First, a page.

Upon the role of the Resolution Professional

The tribunal also placed its reliance on the act of collation and admittance of claims undertaken by the resolution professional as well as the commercial wisdom of the CoC and thereby found it untenable for a remedy to be provided at this stage of the CIRP. It is a settled position of law that the act of collation and admittance of claims is an administrative action of the resolution professional and in turn subject to judicial review. The aforesaid is a settled position of law as per multiple cases, quite notably, Swiss Ribbons Private Limited v. Union of India. Coupled with this is the fact that the approach taken by the adjudicating authority in dealing with disputed claims as well as the resolution plan is more often than not quite restricted, most notably due to the concern of breaching the commercial wisdom of the CoC. This reticence and thereby the lack of an appropriate adjudicatory framework forces the claim to be referred to a platform outside the CIRP framework which in turn defeats the “time-bound resolution” objective of the IBC.

On the aspect of the “commercial wisdom” of the CoC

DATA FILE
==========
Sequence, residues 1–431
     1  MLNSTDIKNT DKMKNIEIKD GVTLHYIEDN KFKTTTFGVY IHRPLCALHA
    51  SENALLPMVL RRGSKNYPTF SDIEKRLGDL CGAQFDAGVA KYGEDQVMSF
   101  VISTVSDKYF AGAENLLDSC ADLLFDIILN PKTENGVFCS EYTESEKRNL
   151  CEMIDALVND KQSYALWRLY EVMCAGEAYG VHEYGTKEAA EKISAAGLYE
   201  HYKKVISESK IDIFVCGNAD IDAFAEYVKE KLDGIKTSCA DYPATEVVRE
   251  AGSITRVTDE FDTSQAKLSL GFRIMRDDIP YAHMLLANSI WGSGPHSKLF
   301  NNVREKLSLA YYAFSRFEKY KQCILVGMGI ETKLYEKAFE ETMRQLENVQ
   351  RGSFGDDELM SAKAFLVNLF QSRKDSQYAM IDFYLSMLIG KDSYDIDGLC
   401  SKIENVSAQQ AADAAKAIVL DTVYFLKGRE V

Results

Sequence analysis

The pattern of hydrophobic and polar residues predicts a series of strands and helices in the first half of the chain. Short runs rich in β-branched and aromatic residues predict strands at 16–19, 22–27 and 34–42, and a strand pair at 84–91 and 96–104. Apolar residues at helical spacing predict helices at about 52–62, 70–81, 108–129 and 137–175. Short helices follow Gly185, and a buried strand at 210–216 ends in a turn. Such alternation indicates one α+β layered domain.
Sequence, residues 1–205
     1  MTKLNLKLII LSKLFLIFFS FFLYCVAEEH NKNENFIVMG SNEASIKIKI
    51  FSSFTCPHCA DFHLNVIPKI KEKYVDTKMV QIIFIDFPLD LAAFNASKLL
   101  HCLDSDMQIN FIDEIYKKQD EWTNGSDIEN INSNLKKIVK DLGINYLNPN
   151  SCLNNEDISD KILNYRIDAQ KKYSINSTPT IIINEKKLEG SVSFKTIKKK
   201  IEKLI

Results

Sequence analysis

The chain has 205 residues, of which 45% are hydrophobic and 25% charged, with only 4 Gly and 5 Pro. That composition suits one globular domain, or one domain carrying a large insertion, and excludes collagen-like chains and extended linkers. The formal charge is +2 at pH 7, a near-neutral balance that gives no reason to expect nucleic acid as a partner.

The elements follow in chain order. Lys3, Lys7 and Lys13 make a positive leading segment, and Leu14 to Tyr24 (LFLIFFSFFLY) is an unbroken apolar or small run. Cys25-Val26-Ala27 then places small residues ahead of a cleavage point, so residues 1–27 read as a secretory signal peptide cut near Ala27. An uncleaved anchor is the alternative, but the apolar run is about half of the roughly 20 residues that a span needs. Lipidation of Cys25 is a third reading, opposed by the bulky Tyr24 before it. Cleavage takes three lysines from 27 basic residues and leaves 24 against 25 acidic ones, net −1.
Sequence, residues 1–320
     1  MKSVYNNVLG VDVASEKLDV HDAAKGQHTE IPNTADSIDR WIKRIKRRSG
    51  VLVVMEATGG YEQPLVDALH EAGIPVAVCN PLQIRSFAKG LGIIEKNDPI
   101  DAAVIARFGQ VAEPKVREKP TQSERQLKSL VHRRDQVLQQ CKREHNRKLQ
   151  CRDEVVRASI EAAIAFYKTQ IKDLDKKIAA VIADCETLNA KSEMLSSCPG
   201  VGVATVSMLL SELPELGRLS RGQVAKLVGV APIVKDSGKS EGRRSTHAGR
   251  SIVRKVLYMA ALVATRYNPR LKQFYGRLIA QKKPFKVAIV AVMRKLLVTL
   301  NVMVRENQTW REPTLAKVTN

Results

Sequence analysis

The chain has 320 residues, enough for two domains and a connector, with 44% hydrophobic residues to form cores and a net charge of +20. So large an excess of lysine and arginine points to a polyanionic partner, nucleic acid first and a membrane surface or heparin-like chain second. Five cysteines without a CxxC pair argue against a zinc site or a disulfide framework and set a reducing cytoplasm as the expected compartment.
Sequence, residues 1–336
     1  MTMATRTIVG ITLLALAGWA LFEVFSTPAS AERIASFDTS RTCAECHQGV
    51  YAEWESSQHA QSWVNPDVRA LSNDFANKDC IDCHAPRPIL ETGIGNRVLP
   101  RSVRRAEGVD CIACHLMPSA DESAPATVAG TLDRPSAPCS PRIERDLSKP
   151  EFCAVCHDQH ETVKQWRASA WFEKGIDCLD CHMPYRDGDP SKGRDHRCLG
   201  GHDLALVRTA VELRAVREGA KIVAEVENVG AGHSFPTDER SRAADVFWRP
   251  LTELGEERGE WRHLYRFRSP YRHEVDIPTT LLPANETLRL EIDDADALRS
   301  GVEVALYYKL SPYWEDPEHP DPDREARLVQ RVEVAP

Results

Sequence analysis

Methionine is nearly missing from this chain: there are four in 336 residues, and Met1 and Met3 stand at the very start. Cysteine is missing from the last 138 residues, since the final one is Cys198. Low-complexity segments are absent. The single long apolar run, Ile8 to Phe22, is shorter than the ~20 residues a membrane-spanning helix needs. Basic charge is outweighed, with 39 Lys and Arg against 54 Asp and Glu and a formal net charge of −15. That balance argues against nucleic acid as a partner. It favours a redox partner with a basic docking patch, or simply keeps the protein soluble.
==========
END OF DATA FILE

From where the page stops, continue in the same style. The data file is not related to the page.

Further, the doctrine of “commercial wisdom” has unequivocally become a center-piece of the jurisprudence surrounding IBC. More often than not, the decisions of the CoC governs the fate of the debtor and in turn, the other creditors. It is pertinent to note that in Essar Steel v. Satish Kumar Gupta, the court pressed on the decision of the CoC to be reflective of the interests of all stakeholders. Inarguably, this also stands as one of the primary objectives of the code. However, more often than not, this objective is not aptly translated to the actual resolution plan. For instance, in the Videocon Industries insolvency case, the huge haircut worth 96% of the amount triggered by the decision of the CoC worst affected the operational creditors of which MSMEs were a big share. The adjudicating authority approved the said plan with a mere suggestion of increased pay-outs to these operational creditors.